The title alludes to the great bluesman Sleepy John Estes, who serves as a kind of presiding spirit. But it's not a "tribute record," and in fact there's only one blues cover here (not a Sleepy John song). Instead you get Case at top form as singer, songwriter, and guitarist. There's a unity to these songs, most of which return to the same group of themes: justice, faith, life on the road, looking back at your own past, looking around you at how the world is. "Every 24 Hours," "Ain't Gonna Worry No More," and "I'm Gonna Change My Ways" are as good as anything Peter has ever written, and the rest aren't far behind. And since it's mostly Case and his guitar you really get a chance to hear his abilities as a player.

Case has reportedly said that this is the record he's always wanted to make. His fans are likely to agree that it's also the record they've always wanted to hear. And if you're not a fan yet you're likely to be one once you give this record a listen or two.
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6 of 6 people found the following review helpful By Rock Carolina on August 9, 2007
Format: Audio CD
...as Peter Case reminds us on "Million Dollars Bail", one of eleven reasons to lay your hat on the table and stay awhile. While Case is painting a picture of injustice as it relates to the haves and have nots, he could just as easily be referring to the vagaries of the music world - where an artist of Cases' stature is left to paint his passionate songs of love, loss, pain, and hope in the shadows of an increasingly complacent universe.

Singing in his clear passionate tenor, mostly alone with his guitar, Case mourns the loss of the dream in "Palookaville", at the same time he champions the Terry Malloy's of the land - those who are still fighting in a world that has forgotten them.

Richard Thompson shows up on "Every 24 Hours" to lend a hand on vocals and guitar. The line "who moved the furniture, who turned out the lights" is the cry of everyman, and everywoman, amazed and dazed at how difficult it is to maneuver in a world that changes so quickly. Where is the ground to stand on? Thankfully, Case offers some suggestions - love and hope are just around the corner.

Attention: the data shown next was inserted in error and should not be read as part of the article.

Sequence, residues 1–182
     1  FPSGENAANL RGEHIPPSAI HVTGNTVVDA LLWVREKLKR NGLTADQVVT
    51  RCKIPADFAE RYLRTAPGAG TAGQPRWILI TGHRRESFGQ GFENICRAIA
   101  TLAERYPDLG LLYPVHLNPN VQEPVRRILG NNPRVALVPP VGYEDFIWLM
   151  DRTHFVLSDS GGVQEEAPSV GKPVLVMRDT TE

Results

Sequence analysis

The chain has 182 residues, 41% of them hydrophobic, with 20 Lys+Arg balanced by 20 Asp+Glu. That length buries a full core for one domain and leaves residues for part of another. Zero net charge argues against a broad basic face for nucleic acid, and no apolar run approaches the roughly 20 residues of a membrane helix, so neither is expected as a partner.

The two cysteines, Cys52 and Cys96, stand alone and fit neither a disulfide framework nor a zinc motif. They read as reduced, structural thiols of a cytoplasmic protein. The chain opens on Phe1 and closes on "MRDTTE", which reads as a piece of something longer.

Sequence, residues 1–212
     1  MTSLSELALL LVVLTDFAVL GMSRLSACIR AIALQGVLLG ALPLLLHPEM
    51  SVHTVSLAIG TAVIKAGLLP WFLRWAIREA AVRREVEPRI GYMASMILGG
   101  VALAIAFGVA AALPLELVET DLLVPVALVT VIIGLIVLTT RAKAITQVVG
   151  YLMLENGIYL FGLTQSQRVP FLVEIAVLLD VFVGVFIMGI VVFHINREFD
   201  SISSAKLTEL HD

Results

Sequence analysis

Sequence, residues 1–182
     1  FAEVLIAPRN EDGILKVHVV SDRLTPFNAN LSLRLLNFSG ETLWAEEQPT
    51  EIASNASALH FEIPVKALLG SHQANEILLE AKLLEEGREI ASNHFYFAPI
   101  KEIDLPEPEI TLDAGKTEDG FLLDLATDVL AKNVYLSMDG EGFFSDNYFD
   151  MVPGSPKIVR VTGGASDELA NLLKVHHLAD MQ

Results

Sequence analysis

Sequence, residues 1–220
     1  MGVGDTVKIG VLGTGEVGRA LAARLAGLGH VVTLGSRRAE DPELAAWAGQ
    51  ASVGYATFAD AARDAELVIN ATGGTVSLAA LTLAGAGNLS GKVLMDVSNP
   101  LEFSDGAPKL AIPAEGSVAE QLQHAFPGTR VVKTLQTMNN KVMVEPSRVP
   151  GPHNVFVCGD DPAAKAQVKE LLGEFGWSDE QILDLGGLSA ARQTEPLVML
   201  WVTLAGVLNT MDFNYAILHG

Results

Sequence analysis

"Underneath the Stars" could be just another token song for the homeless in the hands of a songwriter with less experience and insight than Case. Here he sings the plight of the "new face" seen on the streets, under the bridges, and alleyways of your hometown, and challenges the listener to count their blessings - it just might be you who wears "the pauper's crown" one day.

In "Ain't Gonna Worry No More" all the skills that make Peter Case one of the true great songwriters operating in the world today are at their peak - the lyrical eye of the poet, the passionate cry of the rocker, the emotional vulnerability of the `bluesman', the clarity and closeness of the story-teller.
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5 of 5 people found the following review helpful By A. Shingler on August 8, 2007
Format: Audio CD
I read somewhere that Lester Bangs used to listen to an album beginning to end in one sitting and sometimes over and over beginning to end in one sitting before even thinking about writing a review. I used to do that all the time (the listening-all-the-way-through part, not the review writing). It's hard for me to find time to do that one-sitting thing anymore. But I did it one early morning with Peter Case's new album `Let Us Now Praise Sleepy John' -- 'Every 24 Hours' through 'Palookaville' at about 5:30 or so ... then 'Get Away Blues' through 'That Soul Twist' on the drive in to work (with a little sitting in the parking garage to get it all in).

This album begins with Case "driving" down the road, a place with which he is intimately familiar (having left his childhood home at 15 and traveled through the Northeast and Midwest with his guitar on his way to the West Coast, where he was a street singer in San Francisco in the early 70s and became the singer-songwriter icon he is now, living in Los Angeles). The album ends in the same place (albeit further down the line) as its final song 'That Soul Twist' saunters leisurely on until it's just out of sight, the notes dissipating just over the horizon. Indeed, the road is central to this album's genius. Case himself refers to the road possessively on this album as `my highway' ... and the truth is we all benefit from joining him on his journey through this collection of songs.

With `Sleepy John,' Case continues (as with all his albums) to capture the pivotal themes of life -- every life is as valuable as the next ...every life is made up of experiences that are as real as the next ... no one is a label or should be labeled ... justice, grace, compassion and, above all, Love are essential ...